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December 26, 2011

 

China unlikely to buy corn unless prices drop sharply

 

 

Sitting on record harvest, China may import more corn only if global prices fall 19% to about US$5 a bushel, a level that is significantly below domestic prices, analysts said.

 

China's corn supply is sufficient after a record harvest and the government may import to boost stockpiles only if there is a "clear price advantage," experts said.

 

Corn, used as an ingredient in feed and in ethanol, has plunged 20% since August 31 on high global grain supplies and concerns that Europe's deepening debt crisis and a slowing global economy may sap demand.

 

China may get the "best chance for corn at value" if it imports in February, when Argentina's crops are harvested, analysts said. Uncertainty about US planting usually drives up prices in April, analysts said.

 

China last made a big purchase around October 13, when the USDA announced sales of 900,000 tonnes. With harvests expanding from Argentina to China, prices will fall as much as 30% to US$4.305 a bushel in Chicago trading next year, according to the median of 24 analyst estimates compiled by Bloomberg News.

 

"China's government isn't in a hurry," analysts said, adding tat it has over 10 million tonnes stored from last year's domestic harvest, and has ordered four million tonnes of imports, which are enough to "control the market."

 

Corn for March delivery fell 0.3% to US$6.155 a bushel on the Chicago Board of Trade. End users in China would pay about RMB2,400 yuan (US$378)/tonne for US corn.

 

Prices at Shenzhen port, a leading indicator for southern China, were RMB2,420 (US$382)/tonne on December 21, so imports have no price advantage. At US$5 a bushel, US corn would be RMB2,100 (US$332)/tonne after arriving in China. Imports are subject to premiums, freight costs of about US$59 a tonne currently, a 13% VAT and 1% tariff, analysts said.

 

Prices in Chicago may average US$6.60 a bushel in the 2011-2012 marketing year, down from a previous estimate of US$7.25, according to Morgan Stanley. Corn may be "one of the weaker commodities in 2012," partly because of record supplies from South America in the first quarter, it said.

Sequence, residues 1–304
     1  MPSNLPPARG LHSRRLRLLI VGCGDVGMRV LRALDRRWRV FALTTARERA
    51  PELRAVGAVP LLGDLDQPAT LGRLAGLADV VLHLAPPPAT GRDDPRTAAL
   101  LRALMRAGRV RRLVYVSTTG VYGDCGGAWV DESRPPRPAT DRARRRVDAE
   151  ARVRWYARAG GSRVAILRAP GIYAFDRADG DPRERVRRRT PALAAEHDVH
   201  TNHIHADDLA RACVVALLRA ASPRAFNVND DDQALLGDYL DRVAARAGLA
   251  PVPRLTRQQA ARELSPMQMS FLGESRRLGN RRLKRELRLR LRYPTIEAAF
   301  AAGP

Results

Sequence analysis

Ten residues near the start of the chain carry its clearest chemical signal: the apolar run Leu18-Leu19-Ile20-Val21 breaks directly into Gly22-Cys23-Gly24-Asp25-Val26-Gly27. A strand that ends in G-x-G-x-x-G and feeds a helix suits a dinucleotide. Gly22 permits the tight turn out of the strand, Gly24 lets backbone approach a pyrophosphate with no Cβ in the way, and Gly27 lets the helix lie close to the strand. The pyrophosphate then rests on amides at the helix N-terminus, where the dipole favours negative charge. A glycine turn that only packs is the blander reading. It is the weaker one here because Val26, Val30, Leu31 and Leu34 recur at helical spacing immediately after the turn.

Corn prices in China will be "range-bound" between RMB2,200-2,400 (US$347-378)/tonne in the next few months, experts said.

 

China said December 19 it would buy domestic corn to support farmers. The policy effectively sets a price floor of about RMB2,200 in Dalian, the price-setting centre in China.

 

The upper range of next year's domestic price depends on feed demand from the livestock industry and corn processors, analysts said. The government may allow a gain of RMB100-200 (US$16-31) for increased production costs, he said.

 

Corn prices in Chicago slipped 1.9% last week after the USDA on December 9 raised China's corn output estimate for this year by about 7 million tonnes from a previous outlook to a record 192 million tonnes, in line with China's official estimate.

 

It's "a joke" that the USDA adopted this figure given China's limited yield and land, experts said. Yigu Information Consulting Ltd projected 170 million tonnes, compared with 166 million tonnes by Shanghai JC and 189.2 million tonnes by Geneva-based SGS SA.

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